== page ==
Thursday, September 22, 2011

Japan is Delicious

They're next door neighbors.
Over Korean Thanksgiving we hopped on a ferry from Busan to Fukuoka, Japan.  We were only there for two and a half days and stayed in the city, so I only experienced a tiny corner of Japan.  From what I can tell in that short trip is that Japan has some of the best food anybody will ever eat!  There isn't anything really special to do in Fukuoka except eat and drink, and we over indulged in both areas.  Actually, besides a large sitting Buddha and a couple hours at the beach, I can only remember eating and drinking.

You think you've eaten ramen.  Back in those days when you were a poor alcoholic in college most of your meals consisted of a 27 cent package of ramen and a can of Natural Light.  Then you graduate from school, earn some money, and never look back at those boxes of ramen that could feed you for a week.  Well it turns out Fukuoka is the ramen capital of the entire freaking world and their ramen costs about nine dollars for a whole meal of it.  If you know how to use a calculator that's over a 3,000% increase in price!  Also, that's about how much better it is.  Don't ask me how they do it, but best ramen I've ever had in life: check.
Caroline slurps her ramen.
Next thing we ate was sushi.  I know you've probably already thought about how the best sushi is in Japan because it originates from there and all that.  So it's not a crazy concept that Japan has the best sushi in the world, but it's hard to imagine just how ridiculously good it is.  It was like the first time I heard the sweet sounds of Led Zeppelin, I couldn't believe something could be that good!  I will never forget the first sushi I ate in Japan.  It was simply a piece of salmon, some wasabi, and a ball of rice that I picked off a conveyer belt.  Sushi will never be the same to me.  From now on I'm that annoying guy that states how the sushi is not as good as the sushi I ate in Japan that one time.  Best sushi ever: check.
There's heaven on that plate.

The last thing we had to try in Fukuoka was to eat at a yatai, or a mobile food stall.  As the sun goes down these food stalls start setting up near the river and in downtown.  It features a cook surrounded by about a dozen stools and a bar that wraps around the grill.  It's kind of like one of those restaurants in America where they cook the food in front of you but it's outside and much smaller.  When we found out the cook did tempura we had him deep fry everything he had.  We actually ate all of his mushrooms.  It was addicting!  It was like someone spiked the oil with crack.  Then the cook put a pot of saki on the grill and served it to us hot.  Let me highly recommend that.  The best food stall I have ever eaten at: check.

The Master

Happy Customers

Good stuff right there.

Japan was a great visit but its only downfall is that it's damn expensive.  You could easily blow hundreds of dollars in a weekend without doing anything very extravagant.  I will be back so I can at least taste that sushi one more time, but it's best to visit Japan in small doses.  Unless you look in your bathroom and your toilet is made of gold, just visit Japan for a few days at a time.  However, arguably the best food I've eaten in Asia: check.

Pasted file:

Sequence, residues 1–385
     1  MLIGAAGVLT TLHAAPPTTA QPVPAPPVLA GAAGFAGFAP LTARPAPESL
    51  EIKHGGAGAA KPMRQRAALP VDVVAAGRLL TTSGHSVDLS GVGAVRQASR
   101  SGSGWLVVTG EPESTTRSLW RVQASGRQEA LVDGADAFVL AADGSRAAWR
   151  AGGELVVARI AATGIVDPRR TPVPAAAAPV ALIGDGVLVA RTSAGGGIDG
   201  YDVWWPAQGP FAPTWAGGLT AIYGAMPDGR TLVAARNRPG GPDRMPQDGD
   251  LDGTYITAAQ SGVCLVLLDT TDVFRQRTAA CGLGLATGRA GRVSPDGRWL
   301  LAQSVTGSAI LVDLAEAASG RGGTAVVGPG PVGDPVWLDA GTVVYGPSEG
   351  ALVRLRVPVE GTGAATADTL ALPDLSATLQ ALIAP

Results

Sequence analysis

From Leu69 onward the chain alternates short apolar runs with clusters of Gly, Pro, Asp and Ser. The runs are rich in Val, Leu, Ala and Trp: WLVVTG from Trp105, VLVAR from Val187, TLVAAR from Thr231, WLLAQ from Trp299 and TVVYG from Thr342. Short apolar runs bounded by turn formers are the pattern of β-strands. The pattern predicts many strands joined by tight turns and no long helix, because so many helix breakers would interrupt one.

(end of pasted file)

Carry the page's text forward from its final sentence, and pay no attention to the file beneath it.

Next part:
More pictures from Fukuoka to feast your eyes on:


  1. Hello Ryan,

    You don't know me and I'm fairly certain we don't know anyone mutually. However, my husband works for MJ Harden in Kansas City and a man by the name of Doug Walters recommended your blog to my husband and I who are planning a trip to Japan and looking into the JET program (Unfortunately my husband is over 40, so I don't think that will be an option).

    I just read the last few pages of your Blog and I have to say, you're HILARIOUS, but your experiences are also an inspiration to to me.

    I've had a long-standing fascination for East Asian cultures and have found I spend more time watching Japanese and Korean media than American (I use to watch "Invincible Youth" when it was still on and now I enjoy "Running Man").

    The current state of the U.S. these days have made my husband and I scratch our chins and wonder what it would be like to flee the old red, white and blue and find adventure in a different land. I have a lot of respect for you and what you're doing. I'm also a bit envious of how much you've experienced in your life. I've never been outside the Midwest -- and I am scratching at the proverbial walls to be let out and experience more of the world.

    I wish you the best of luck in your continued journey and I look forward to more updates to your blog. :)

    My Best,
    -- Leeanne

  2. Leeanne,

    Thanks for the compliments! I actually worked at MJ Harden until I left for China in 2009. I got the itch and decided to travel for an extended period of time.

    I know close to nothing about JET (other than it's very competitive). But if you decide to head to South Korea or China, I'm expert in what you need to do to get a teaching job in those countries. Feel free to send me a message. And as long as you're not over sixty five, there's no problem with age.

    If you feel like the time is right, then I would highly recommend taking a break from America and experiencing what else the world holds. I'm beginning year three of this break and I'm planning on making it last four. I couldn't imagine not doing this! It's been a great experience.